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Psychological needs

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This lecture discusses the psychology of human motivation in terms of psychological needs, based on self-determination theory.

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Psychological needs

  1. 1. 1 Motivation & Emotion James Neill Centre for Applied Psychology University of Canberra 2017 Image source Psychological needs
  2. 2. 2 Psychological needs Reading: Reeve (2015) Ch 6
  3. 3. 3Based on Reeve (2015, pp. 152-182)  Psychological needs ● Organismic psychological needs ● Person-environment dialectic ● Person-environment synthesis vs. conflict  Autonomy ● The conundrum of choice ● Supporting autonomy ● Benefits from autonomy support ● Benefits of giving and receiving autonomy support  Psychological needs ● Organismic psychological needs ● Person-environment dialectic ● Person-environment synthesis vs. conflict  Autonomy ● The conundrum of choice ● Supporting autonomy ● Benefits from autonomy support ● Benefits of giving and receiving autonomy support  Competence ● Challenge ● Flow ● Structure ● Feedback ● Failure tolerance  Relatedness ● Interaction with others ● Perception of a social bond ● Communal and exchange relationships ● Benefits of relatedness need satisfaction  Competence ● Challenge ● Flow ● Structure ● Feedback ● Failure tolerance  Relatedness ● Interaction with others ● Perception of a social bond ● Communal and exchange relationships ● Benefits of relatedness need satisfaction Outline – Psychological needs
  4. 4. 4 Drive: The surprising truth about what motivates us Dan Pink RSA Animate (10 mins) http://www.youtube.com/watch?v=u6XAPnuFjJc RSA Animate (10 mins) http://www.youtube.com/watch?v=u6XAPnuFjJc
  5. 5. 5 Psychological need Based on Reeve (2015, pp. 153-154)  Inherent desire to interact with the environment so as to advance personal growth, social development, and psychological well-being.  The reason we engage in our environment is to involve and satisfy our psychological needs.  Inherent desire to interact with the environment so as to advance personal growth, social development, and psychological well-being.  The reason we engage in our environment is to involve and satisfy our psychological needs.
  6. 6. 6 Psychological needs Based on Reeve (2015, pp. 153-154)  When our activities: ● involve our psychological needs, we feel interest (an emotion) ● satisfy our psychological needs, we feel joy (another emotion).  When our activities: ● involve our psychological needs, we feel interest (an emotion) ● satisfy our psychological needs, we feel joy (another emotion).
  7. 7. 7 Psychological needs Based on Reeve (2015, pp. 153-154)  When people find themselves in environments that support and nurture their psychological needs, this promotes: ● positive emotions ● optimal experience ● healthy development  When people find themselves in environments that support and nurture their psychological needs, this promotes: ● positive emotions ● optimal experience ● healthy development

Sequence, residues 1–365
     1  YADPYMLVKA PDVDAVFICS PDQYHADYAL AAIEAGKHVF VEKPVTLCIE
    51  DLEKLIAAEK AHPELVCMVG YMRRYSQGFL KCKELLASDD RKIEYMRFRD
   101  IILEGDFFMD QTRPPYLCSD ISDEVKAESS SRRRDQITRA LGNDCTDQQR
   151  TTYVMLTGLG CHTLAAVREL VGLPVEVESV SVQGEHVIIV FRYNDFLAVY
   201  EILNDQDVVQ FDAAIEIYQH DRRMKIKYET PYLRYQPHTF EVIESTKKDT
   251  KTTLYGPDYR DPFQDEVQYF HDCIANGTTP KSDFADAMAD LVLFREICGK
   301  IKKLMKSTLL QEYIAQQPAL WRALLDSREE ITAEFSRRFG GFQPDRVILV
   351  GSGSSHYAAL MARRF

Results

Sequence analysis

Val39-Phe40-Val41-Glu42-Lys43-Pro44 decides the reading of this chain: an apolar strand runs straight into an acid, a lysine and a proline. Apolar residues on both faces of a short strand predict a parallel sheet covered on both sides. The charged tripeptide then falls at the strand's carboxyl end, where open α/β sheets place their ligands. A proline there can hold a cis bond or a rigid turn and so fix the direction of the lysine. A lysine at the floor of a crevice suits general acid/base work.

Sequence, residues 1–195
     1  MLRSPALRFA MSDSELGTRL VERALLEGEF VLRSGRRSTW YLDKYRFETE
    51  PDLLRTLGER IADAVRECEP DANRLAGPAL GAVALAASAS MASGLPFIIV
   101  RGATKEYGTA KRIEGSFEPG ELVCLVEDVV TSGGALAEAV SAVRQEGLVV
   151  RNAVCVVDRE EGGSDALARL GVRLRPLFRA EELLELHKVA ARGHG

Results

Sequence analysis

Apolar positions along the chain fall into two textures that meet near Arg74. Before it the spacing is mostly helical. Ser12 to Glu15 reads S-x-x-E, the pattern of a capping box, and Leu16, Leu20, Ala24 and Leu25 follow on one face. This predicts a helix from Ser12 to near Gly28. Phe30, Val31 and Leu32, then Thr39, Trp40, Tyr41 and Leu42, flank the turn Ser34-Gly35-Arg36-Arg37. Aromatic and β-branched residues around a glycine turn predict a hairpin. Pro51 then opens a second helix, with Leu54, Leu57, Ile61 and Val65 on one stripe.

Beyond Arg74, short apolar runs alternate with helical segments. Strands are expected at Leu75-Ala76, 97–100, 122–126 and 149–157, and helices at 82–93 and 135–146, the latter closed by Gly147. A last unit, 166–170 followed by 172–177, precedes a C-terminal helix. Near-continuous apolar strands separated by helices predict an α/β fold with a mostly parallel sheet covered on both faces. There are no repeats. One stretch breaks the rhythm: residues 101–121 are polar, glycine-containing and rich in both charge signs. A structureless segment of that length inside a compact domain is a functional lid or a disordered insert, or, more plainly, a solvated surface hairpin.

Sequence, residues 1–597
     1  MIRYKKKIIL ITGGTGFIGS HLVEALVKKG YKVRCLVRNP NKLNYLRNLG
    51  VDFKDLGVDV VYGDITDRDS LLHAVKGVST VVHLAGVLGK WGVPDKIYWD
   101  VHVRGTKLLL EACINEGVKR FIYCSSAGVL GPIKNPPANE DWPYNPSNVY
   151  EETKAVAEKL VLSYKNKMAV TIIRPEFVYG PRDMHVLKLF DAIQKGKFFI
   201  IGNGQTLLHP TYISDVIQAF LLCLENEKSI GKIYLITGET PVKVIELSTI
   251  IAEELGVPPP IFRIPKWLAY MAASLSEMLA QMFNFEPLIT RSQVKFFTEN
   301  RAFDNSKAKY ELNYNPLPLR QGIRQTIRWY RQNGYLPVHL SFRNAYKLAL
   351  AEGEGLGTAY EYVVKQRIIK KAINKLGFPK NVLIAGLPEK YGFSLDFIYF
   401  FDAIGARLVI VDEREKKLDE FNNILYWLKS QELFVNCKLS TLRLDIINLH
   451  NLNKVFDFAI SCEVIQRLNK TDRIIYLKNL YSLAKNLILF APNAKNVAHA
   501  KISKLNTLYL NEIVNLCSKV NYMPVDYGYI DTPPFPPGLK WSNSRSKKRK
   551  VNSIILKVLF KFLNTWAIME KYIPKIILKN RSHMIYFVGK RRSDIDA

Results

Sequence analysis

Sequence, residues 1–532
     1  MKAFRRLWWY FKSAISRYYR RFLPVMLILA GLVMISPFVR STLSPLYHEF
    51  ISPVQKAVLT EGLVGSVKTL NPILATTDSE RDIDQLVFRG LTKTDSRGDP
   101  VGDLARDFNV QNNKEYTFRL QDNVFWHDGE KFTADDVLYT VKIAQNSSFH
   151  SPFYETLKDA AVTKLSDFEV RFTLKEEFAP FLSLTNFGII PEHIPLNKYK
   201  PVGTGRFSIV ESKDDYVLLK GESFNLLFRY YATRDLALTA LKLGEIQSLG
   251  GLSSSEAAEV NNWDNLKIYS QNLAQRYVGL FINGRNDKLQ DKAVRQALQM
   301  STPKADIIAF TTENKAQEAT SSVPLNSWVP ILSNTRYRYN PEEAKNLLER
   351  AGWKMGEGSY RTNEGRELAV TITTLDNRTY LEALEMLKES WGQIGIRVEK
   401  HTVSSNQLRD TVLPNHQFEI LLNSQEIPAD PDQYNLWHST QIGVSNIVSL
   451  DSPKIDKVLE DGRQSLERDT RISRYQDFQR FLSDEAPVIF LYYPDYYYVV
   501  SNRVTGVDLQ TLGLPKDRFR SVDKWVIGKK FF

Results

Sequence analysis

8. 8. 8 Organismic approach to motivation People are inherently active; they • Choose environments • Modify environments • Learn, grow, & adapt to environments Person-environment dialectic: ● There is dynamic interaction between people and environments. ● The person and the environment are constantly changing towards synthesis or conflict. Assumptions: Based on Reeve (2015, pp. 154-155)
  9. 9. Person-environment dialectic The relationship between person and environment is reciprocal (two-way); the environment acts on the person and the person acts on the environment. Figure 6.1 Personal-environment dialectical framework Reeve (2015, p. 156)
  10. 10. 10 Person-environment synthesis vs. conflict Based on Reeve (2015, pp. 156-158) Synthesis (person-environment harmony):  Engagement  Developmental growth  Health  Well-being Synthesis (person-environment harmony):  Engagement  Developmental growth  Health  Well-being Conflict (person-environment disharmony):  Defiance  Regression  Decay  Ill-being Conflict (person-environment disharmony):  Defiance  Regression  Decay  Ill-being
  11. 11. 11 Self-determination theory Autonomy Competence Relatedness Psychological needs Based on Reeve (2015, pp. 158-178)
  12. 12. 12 Autonomy Psychological need to experience self-direction and personal endorsement in the initiation and regulation of one’s behaviour. Behaviour is autonomous (or self-determined) when our interests, preferences, and wants guide our decision-making process to engage or not to engage in a particular activity. Based on Reeve (2015, pp. 158-167)
  13. 13. 13 Perceived autonomy Individual’s understanding of the causal source of his or her motivated actions. Heartfelt and unpressured willingness to engage in an activity. Subjective experience that one may decide to act or not to act, or to pursue one course of action rather than another course of action. Perceived autonomy Volition (Feeling free) Internal perceived locus of causality Perceived choice over one’s actions Subjective qualities within the experience of autonomy Based on Reeve (2015, Figure 6.2, p. 159)